Tuesday, May 24, 2005

It Ain't About Me...

...it's about my friends, two of whom are having big days. First, the good news: Dwight Codr is defending his dissertation this afternoon, on his way to completing his doctorate and setting up shop as a new professor of 18th Century British lit next year at Tulane University. Those little critters down in New Orleans are lucky dogs.

Then, the bad news, though it's all relative: my friend Ann just left for a summer in her hometown of Madison, WI. So, bully for Madison, but it sucks to be me. Ann is another of these spectacular poets I've met in Ithaca, on top of which she is my willing accomplice at all manner of fair-to-abominable movies that no one else will put up with. She also has the brilliant habit, of which I am undisguisedly envious, of summing up her reactions to movies in single, hilarious sentences. Most recently, after Crash, which I liked and she didn't: "I feel like Paul Haggis is sitting at his typewriter, calling over his shoulder, 'Hey baby, can you help me think of something racist to say to an Asian person?'"

Part of Ann's genius is that her pop cultural obsessions and her poetry need not be exclusive. So for all y'all Looney Tunes fans out there, and for all you poetry journals that aren't getting what you're missing, and for anyone who bulks up the credit card debt with things you don't need and know ahead of time won't work, and for anyone who has ever felt like you repeatedly make the same mistake or spend your life chasing the impossible (but secretly enjoy this), here is:

Special Overnight from ACME
Look to the edge and heave
of the road: spot that bird
kicking up its heels, dust—purple
headdress of feathers, beak
the orange of Seville—choke
on the gum of longing: it just won't be
swallowed. I see pillows straining
with down, thick broth, my teeth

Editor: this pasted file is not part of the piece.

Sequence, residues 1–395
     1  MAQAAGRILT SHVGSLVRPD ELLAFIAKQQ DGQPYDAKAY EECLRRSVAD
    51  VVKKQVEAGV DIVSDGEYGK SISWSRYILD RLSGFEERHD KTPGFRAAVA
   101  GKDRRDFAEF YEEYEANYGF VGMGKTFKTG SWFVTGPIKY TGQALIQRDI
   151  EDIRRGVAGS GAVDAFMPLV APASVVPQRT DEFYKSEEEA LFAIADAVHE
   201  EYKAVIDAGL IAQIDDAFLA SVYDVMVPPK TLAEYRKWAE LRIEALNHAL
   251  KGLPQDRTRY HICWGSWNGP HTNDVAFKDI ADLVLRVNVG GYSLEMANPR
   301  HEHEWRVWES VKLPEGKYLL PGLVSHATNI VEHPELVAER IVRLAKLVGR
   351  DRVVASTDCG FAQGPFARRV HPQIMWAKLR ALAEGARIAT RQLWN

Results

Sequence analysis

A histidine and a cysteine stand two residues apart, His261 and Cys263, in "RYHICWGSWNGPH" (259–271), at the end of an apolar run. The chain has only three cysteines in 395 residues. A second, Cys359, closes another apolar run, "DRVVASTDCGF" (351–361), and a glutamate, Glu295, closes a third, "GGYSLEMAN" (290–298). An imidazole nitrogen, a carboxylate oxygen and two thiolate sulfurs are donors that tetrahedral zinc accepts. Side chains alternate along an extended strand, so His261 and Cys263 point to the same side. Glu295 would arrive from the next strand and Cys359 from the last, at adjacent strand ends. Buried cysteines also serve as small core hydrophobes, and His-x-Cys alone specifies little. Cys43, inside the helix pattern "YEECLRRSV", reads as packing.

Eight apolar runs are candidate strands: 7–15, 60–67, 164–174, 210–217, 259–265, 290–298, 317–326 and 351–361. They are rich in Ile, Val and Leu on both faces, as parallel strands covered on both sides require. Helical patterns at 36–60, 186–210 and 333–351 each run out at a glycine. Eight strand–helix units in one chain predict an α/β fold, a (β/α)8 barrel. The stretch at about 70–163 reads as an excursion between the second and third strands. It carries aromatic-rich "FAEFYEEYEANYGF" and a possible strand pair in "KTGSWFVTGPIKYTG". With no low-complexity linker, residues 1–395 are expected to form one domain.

gartered at its pebbly thigh. I lose track
of myself, my spending. Boxes pile
on my porch, seething, each scheme—
catapults and earthquake pills, rocket
skates and lassos; the French
forks and knives only good
for what one's already got—
stuffed into the thick privacy of cardboard:
The UPS man says, Sign here
and, Whew, sure is hot. Hot as my stomach,
I could slap it against his face
like an ear, a limp hand. Something's dying
in most of my ideas, maybe me,
but I was born ready. Sometimes I run
in place, in slow motion, face
the mirror: there's the stretch of my face
and crooked jaw snap. This is me
in 2-D, fierce as anything in this desert
but nothing so succulent as this noisy
flash. So light the fuse, trip the switch.
Please, it's all happening. More. Again.

© 2005 Ann Buechner. Don't be stealing the flava without consulting the source. If you're interested, I'll see about putting you in touch.



Blogger Dr. S said...

I heart Ann's poem a lot. In Ithaca the UPS man came to my house so often that he recognized me on the street one time, as I was walking away from home, and stopped to give me a package he had been about to deliver. She's got the feeling of all that just right.

8:37 AM, May 25, 2005  

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